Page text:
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  • Aarthi Ram

What should you do if someone else gets into an accident in your car

Updated: Aug 4, 2020

No one can predict the future. You may loan your car to a friend or family member, only to get a call that an accident has happened in your car.

It is important to really understand your coverages and how car insurance works if another driver crashes your car.

Who Is Covered When Driving Your Car?

It can be confusing to understand who is covered to drive your vehicle. Though policies will vary, the general rule is that anyone living in your house is typically covered when driving your car, unless expressly excluded on the policy.

In many cases, everyone in the same household is actually required to be included on the vehicle’s insurance policy.

For those friends or family members who don’t live with you but use your car every once in a while – you can typically loan them your vehicle and not worry that they’ll be covered. Permissive use generally applies in these cases.

Car Insurance Follows the Vehicle

It’s a common misconception that car insurance follows the driver. In reality, car insurance follows the vehicle.This means that if you loan out your car to driver who is not excluded on your policy your car insurance is the primary coverage that would apply if a crash occurred. The driver’s insurance would act as secondary insurance.

Non-Permissive Use

If your car is taken without your permission, it can be difficult to prove you didn’t give permission. You’ll generally end up paying. However, if it’s clear you did not allow someone else to drive your car and an accident happens, one of a few scenarios could occur:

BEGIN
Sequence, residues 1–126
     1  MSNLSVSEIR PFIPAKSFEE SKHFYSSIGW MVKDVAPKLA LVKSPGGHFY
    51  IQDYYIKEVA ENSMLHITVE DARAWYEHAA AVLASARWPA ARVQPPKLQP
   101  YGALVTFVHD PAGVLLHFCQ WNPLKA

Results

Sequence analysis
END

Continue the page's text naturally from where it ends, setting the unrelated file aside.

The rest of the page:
-Theft: If someone steals your car and causes an accident, you won’t be liable for damages/injuries to the other vehicle/driver. However, damages to your own vehicle would probably be covered under your own coverage.

-Use of vehicle by a friend or family member: If your friend takes your car without your permission, their coverage would likely pay first and yours would step in to fill in the gaps.

Decide Who Can Drive Your Car

Also remember, if there’s ANY chance a driver will use your car, think twice about excluding her. It could bite you in the end if she does have to use your car and something happens.

Finally, if you do loan out your vehicle, make sure you know whom you are lending it to. Don't let people you don’t trust take your vehicle, even for a short trip to the store.

An accident can happen at any time.

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